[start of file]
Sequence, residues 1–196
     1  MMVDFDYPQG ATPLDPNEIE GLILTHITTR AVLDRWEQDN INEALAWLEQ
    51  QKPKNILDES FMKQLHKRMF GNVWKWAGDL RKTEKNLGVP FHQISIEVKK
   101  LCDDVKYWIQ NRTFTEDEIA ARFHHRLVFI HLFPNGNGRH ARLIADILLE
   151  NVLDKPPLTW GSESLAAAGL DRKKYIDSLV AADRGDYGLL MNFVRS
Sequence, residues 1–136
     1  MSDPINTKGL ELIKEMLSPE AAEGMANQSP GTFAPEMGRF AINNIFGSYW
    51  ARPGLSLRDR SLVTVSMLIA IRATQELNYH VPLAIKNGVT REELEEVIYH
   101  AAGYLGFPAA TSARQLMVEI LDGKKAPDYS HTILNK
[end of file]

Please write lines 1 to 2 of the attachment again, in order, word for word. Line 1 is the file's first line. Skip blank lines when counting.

Sequence, residues 1–196
     1  MMVDFDYPQG ATPLDPNEIE GLILTHITTR AVLDRWEQDN INEALAWLEQ